Since then, we have obtained the requirement that national governments must report on the way municipalities and regions are involved in drafting the plans – but this does not go far enough. Assessment of local and regional involvement must be a priority in the Commission’s mid-term review of the recovery plans in 2022.

Tailor recovery spending to the needs of rural areas

The European countryside is a treasure trove of our continent’s geographical, cultural and agricultural heritage, as well as touristic assets. However, while rural areas represent 80% of the EU’s land area, many face declining populationsand the crisis risks deepening territorial disparities. According to the Commission’s public consultation on rural areas, 56% of inhabitants of rural areas felt “left behind”.

The recovery plans are an opportunity to revitalise the countryside and small and medium size cities, with targeted investments. For example, digitalisation, and in particular the rise of teleworking, can drive the renewal of many rural areas. But getting the right investments means the full participation of the municipalities and regions in question so that the plans actually reflect their needs and those of their people.  Indeed, 79% of Europeans say that there should be consideration of the specific needs of rural areas in the allocation of public spending.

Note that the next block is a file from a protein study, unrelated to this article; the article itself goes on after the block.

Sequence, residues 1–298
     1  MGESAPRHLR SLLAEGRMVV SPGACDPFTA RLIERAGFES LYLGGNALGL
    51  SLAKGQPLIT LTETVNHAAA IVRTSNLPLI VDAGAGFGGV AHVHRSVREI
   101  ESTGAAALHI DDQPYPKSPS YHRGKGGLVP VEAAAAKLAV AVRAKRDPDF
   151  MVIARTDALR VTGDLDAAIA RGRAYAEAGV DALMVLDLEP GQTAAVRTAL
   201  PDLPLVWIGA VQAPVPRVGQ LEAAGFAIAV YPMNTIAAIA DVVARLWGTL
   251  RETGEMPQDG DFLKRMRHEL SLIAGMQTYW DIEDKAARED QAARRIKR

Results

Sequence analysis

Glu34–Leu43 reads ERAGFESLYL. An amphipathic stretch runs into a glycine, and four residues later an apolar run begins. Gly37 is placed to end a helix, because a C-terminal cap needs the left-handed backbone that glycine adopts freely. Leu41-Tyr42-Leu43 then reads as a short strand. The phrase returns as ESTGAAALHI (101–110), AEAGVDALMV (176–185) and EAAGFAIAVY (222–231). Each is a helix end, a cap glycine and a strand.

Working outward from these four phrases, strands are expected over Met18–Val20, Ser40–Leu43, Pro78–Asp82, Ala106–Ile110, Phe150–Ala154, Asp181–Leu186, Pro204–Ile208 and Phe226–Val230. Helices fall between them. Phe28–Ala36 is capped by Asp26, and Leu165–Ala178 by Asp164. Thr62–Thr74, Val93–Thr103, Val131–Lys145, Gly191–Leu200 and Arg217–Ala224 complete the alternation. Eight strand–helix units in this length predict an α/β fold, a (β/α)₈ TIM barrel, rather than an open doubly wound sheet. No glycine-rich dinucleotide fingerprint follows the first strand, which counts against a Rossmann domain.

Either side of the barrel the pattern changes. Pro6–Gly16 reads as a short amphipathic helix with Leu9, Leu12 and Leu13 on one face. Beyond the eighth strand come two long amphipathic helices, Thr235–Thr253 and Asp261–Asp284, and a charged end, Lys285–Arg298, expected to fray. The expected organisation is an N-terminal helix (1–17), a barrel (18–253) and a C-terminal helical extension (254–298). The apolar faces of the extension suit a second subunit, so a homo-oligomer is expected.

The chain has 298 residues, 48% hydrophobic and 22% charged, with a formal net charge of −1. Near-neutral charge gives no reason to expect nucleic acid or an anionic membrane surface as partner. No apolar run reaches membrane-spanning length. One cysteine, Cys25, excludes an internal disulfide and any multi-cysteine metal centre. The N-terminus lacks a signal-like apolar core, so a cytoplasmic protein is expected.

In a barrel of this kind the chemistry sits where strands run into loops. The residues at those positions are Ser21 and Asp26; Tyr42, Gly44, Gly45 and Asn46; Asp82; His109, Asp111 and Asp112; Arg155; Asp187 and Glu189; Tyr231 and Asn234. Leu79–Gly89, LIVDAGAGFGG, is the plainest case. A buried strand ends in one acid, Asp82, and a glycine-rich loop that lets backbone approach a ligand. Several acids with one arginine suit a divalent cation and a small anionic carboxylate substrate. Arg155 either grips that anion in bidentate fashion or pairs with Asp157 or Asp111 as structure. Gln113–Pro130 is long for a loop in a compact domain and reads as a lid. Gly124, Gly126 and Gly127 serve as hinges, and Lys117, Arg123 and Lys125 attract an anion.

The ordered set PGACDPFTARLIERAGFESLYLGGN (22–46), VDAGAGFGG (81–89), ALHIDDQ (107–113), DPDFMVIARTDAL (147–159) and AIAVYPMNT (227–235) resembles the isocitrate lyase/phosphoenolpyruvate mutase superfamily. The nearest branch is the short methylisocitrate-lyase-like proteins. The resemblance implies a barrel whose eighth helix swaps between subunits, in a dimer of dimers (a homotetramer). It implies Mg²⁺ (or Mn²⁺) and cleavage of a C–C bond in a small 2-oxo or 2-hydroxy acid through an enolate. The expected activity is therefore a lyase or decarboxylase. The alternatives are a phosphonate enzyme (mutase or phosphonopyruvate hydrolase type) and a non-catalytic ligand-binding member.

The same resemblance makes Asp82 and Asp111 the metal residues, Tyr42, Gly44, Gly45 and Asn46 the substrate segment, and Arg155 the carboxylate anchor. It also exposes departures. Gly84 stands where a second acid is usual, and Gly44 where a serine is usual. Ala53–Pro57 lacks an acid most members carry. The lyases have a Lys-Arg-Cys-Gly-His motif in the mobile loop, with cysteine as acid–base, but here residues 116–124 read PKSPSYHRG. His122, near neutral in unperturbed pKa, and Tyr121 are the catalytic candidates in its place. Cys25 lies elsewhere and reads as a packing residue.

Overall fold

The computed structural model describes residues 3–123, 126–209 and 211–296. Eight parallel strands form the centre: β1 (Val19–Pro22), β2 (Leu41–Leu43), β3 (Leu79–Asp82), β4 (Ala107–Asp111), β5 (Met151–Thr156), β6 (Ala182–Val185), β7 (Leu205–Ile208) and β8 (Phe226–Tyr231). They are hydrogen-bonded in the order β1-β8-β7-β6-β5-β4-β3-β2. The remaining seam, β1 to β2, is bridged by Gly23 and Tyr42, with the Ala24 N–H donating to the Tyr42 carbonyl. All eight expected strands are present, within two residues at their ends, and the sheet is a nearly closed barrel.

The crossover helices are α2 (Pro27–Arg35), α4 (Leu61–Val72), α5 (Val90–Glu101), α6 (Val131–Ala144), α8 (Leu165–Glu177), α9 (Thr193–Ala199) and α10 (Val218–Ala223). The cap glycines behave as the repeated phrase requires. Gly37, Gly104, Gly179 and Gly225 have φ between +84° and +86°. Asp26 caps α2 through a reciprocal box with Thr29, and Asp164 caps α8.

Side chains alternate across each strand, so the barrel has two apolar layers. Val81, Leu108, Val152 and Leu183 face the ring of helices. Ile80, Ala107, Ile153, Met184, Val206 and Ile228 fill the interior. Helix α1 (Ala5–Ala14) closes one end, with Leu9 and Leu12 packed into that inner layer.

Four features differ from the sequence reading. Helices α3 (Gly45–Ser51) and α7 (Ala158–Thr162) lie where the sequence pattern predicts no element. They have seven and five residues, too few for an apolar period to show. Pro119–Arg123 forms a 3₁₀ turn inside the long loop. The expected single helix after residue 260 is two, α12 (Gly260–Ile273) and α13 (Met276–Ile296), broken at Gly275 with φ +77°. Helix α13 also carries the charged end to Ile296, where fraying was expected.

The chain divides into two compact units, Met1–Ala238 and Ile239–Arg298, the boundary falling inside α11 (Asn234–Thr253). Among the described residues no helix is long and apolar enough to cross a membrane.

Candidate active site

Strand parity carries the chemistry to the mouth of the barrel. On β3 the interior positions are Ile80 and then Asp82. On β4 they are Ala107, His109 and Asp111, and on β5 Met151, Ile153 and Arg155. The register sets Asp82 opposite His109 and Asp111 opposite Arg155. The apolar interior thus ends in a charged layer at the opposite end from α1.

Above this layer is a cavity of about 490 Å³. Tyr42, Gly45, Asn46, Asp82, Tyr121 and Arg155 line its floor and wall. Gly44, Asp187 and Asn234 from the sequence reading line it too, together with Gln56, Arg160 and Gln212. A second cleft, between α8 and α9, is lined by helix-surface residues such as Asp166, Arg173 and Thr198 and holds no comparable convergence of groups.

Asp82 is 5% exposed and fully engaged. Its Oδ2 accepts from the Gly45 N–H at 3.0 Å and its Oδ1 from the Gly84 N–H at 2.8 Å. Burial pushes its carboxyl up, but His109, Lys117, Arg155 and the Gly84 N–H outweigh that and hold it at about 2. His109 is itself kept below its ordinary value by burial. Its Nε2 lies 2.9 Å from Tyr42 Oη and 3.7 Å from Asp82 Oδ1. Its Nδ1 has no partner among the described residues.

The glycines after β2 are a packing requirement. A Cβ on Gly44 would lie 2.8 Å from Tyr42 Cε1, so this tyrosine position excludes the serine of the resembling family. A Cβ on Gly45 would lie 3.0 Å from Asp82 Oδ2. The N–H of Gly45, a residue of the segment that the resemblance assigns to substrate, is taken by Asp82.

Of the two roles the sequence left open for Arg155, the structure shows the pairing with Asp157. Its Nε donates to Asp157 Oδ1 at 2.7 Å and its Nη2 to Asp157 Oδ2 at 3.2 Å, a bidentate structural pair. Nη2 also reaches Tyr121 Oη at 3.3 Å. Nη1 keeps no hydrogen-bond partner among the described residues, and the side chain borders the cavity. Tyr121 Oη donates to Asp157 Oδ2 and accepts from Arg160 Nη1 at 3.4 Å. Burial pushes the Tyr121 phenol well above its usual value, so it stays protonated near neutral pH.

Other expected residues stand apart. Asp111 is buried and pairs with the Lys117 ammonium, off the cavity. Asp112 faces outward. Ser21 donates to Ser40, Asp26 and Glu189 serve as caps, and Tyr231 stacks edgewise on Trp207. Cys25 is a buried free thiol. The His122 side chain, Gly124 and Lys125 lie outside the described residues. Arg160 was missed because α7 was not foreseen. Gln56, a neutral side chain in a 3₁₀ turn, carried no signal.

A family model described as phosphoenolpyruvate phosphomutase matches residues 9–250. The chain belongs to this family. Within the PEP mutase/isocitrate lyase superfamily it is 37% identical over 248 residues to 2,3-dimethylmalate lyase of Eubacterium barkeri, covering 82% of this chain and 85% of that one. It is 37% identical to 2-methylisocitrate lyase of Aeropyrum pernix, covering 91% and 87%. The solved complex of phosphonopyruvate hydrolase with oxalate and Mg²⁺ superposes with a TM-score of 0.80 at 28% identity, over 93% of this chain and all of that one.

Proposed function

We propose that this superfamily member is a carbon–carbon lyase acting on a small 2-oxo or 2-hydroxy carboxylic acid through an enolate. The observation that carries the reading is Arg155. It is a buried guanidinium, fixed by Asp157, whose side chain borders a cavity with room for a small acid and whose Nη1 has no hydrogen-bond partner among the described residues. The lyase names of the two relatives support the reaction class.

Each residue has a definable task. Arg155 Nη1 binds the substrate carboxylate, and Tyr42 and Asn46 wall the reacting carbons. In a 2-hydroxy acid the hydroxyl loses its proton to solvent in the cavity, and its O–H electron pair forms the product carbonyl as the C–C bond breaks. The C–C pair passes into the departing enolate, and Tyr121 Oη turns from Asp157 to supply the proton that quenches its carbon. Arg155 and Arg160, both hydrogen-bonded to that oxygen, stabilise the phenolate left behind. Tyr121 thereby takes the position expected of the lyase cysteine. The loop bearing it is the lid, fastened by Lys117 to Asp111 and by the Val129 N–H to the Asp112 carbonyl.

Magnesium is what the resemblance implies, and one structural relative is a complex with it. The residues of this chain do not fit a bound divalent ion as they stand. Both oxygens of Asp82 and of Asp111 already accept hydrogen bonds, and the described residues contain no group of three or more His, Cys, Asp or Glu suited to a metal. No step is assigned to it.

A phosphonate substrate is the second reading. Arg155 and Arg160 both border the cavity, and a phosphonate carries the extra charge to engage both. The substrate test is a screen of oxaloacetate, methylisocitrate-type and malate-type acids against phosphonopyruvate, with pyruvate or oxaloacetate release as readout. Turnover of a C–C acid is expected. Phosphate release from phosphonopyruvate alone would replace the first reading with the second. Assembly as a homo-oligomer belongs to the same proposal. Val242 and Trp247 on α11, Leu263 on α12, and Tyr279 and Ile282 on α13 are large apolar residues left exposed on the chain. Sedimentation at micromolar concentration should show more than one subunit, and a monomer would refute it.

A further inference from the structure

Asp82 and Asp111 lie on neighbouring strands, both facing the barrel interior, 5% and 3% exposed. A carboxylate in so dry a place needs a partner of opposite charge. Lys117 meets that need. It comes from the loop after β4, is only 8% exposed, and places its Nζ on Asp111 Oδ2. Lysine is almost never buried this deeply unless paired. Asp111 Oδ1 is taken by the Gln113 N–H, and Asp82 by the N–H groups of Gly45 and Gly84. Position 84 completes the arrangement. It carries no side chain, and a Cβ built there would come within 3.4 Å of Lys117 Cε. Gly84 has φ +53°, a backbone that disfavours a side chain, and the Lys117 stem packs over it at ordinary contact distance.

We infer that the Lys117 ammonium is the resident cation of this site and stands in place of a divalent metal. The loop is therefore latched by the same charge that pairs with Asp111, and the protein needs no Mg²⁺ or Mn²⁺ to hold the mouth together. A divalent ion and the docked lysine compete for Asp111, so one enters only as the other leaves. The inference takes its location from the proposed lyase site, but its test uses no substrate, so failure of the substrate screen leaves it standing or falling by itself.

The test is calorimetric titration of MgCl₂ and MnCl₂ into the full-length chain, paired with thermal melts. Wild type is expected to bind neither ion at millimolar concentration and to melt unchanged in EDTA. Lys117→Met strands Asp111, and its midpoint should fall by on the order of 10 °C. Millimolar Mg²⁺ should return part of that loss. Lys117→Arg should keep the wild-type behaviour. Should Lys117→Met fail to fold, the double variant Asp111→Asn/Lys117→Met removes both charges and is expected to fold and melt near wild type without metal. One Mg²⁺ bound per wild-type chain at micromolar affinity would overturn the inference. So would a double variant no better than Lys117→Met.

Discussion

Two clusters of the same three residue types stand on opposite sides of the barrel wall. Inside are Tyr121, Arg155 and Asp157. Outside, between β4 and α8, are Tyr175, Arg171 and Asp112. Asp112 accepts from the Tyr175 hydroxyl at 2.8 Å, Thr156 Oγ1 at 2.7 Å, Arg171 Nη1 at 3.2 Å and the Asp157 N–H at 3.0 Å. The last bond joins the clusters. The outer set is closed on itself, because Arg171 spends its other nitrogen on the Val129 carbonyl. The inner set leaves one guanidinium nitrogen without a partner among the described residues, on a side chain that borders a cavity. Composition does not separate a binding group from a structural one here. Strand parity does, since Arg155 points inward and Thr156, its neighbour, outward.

Citizens believe in the role of local government in the green transition

Commission President Ursula von der Leyen’s European Green Deal, and in particular the recent legislative proposals on climate, energy efficiency and renewable energy, are clear signs that the EU is pushing to move forward on the green transition. But no effective results will be achieved without territories on the ground. From Nantes to Constanța and from Andalucía to Lapland, our municipalities, counties and regions are ready and willing to undertake the great environmental and digital transitions this century calls for, if they are properly empowered. 

At least 37% of investment and reform spending under national recovery plans are meant to address climate change. Here too the local dimension is apparent, with municipalities and regions having a decisive role in policies such as mobility and energy efficiency. According to a Eurobarometer survey, 43% of citizens believe that local and regional governments are the right level of action for tackling climate change.

Many top EU officials, including President von der Leyen, have recognised that cities and regions must be involved in the recovery. Now is the time to translate words into actions: the European Commission must make sure local and regional governments are taken on board! This would guarantee that the EU’s recovery programme, one of the most remarkable innovations in the history of European integration, is a resounding success.

Frédéric Vallier, Secretary General of the Council of European Municipalities and Regions (CEMR)